With desire for eco-friendly commercial roofing products on the rise, it’s no wonder thermoplastic roofing systems have seen tremendous growth in the recent years. Contractors, architects and specifiers have all come to depend on thermoplastic roofing membranes because of their many benefits, including ease of installation, solar reflectivity, and outstanding performance on low-sloped or select steep-sloped substrates. The first thermoplastic roofing membranes, introduced in the early 1980s, raised concerns over issues of durability, fire resistance, weathering resistance, cold temperature flexibility and wind uplift performance.
These early thermoplastic membranes were typically non-reinforced and may not have been properly formulated to withstand the harsh environment seen in rooftop exposure. By the early 1990s, thermoplastic roofing membranes were being produced with reinforcing scrim and much improved formulations to reduce concerns raised by the previous generation.
Today, thermoplastics are typically reinforced with a scrim to provide dimensional stability and strength as well as improved formulations, which protect the membrane from the harsh rooftop environment. Thermoplastics are also now available in a variety of sheet sizes and thicknesses.
System TypesThere are two predominant thermoplastic roofing materials currently available: polyvinyl chloride (PVC) and thermoplastic olefin (TPO) systems.
PVC membranes have a 20-plus year performance history of use in the United States and provide the longest record of any thermoplastic membrane currently on the market. PVC contains about 65 percent chlorine. PVC can release hydrogen chloride gas and carcinogens into the air if it is burned or disposed of incorrectly. Some manufacturers, including Firestone, have phased out PVC products in recent years in favor of TPO due to environmental concerns.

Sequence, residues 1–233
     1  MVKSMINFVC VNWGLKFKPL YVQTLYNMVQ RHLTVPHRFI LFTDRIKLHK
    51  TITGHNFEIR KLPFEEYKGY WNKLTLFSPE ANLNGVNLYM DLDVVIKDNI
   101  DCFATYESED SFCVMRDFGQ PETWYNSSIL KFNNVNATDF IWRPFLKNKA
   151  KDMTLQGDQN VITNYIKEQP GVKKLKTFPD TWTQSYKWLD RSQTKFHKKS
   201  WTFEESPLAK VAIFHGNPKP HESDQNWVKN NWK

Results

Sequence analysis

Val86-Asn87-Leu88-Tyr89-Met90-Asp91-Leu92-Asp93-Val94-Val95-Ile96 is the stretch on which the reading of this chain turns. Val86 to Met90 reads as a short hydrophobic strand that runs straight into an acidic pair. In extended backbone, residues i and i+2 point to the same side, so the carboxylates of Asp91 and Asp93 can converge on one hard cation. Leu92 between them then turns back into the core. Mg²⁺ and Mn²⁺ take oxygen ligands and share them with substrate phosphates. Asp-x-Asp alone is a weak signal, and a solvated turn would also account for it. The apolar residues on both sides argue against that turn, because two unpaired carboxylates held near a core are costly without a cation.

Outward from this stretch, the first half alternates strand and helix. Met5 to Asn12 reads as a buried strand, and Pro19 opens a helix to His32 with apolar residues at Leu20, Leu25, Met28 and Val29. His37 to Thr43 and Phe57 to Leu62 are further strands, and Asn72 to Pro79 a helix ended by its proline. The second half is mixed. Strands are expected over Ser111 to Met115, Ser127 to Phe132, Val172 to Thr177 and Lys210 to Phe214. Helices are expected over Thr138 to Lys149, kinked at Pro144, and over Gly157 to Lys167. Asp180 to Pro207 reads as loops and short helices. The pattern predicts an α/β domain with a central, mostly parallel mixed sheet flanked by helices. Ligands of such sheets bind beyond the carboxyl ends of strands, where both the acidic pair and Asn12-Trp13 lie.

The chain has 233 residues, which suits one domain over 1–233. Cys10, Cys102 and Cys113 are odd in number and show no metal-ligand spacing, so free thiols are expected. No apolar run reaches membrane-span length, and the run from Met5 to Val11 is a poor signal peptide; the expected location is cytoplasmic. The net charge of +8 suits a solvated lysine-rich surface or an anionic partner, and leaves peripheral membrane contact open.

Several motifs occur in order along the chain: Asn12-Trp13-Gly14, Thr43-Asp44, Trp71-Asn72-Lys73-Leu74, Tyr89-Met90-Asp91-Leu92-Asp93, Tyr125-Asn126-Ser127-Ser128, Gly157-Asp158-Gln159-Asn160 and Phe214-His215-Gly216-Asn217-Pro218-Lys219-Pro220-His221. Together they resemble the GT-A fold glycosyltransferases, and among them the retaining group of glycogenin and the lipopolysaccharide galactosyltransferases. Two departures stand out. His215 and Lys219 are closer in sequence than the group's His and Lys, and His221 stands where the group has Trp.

Within the thermoplastic category, TPO has become increasingly popular in low-slope commercial roofing system applications. TPO membranes are formulated to inhibit flammability, while increasing their resistance to UV radiation, chemical exposure and heat degradation. High-quality TPO membranes provide puncture resistance, durability and energy-saving properties. TPO systems can also be used in conjunction with vegetated and photovoltaic (PV) roofing systems, which increase energy efficiency, decrease energy costs and reduce urban heat-island effect. Compared to other thermoplastics, TPO membranes are usually offered in larger sheets that provide time-efficient installations, leading to lower labor costs for application of the roof system. Currently, manufacturers are starting to make TPO even easier to install by creating self-adhered membranes. With some cities having very strict air emissions codes, self-adhered TPO work well because they produce zero fumes and are VOC-free.
Pre-Installation ConsiderationsThermoplastic roofing membranes are typically installed using mechanical fasteners or are fully adhered to insulation, cover boards or the roof deck using adhesives. Due to the inherent nature of thermoplastic membranes, they are typically seamed by heat-welding with hot air. Heat welding a thermoplastic membrane provides monolithic seams without the use of primers, tapes or adhesives. This will typically result in reduced installation time.
Consideration must also be given to the environment in which the roof system is to perform. Mechanically attached systems use stress plates with mechanical fasteners to attach the roof membrane to the deck. These stress plates are usually attached in the seam area. In areas with high wind uplift requirements, an enhanced welding system may be used to achieve higher code ratings. Dual or wide seams join the two sheets of membrane together on both sides of the fastening plates. This changes the dynamics of the force acting on the stress plate and fastener, enabling the system to achieve higher wind uplift performance.
Depending on what system is chosen, the condition of the substrate needs to be considered as well. For example, in a fully adhered application, underlayments must be free of dust and contaminates or the adhesive will not provide adequate adhesion. In addition, thermal insulation boards that are resistant to solvent fumes are needed if solvent-based adhesives are going to be used. Higher density substrates should also be considered for areas that are prone to events such as hailstorms.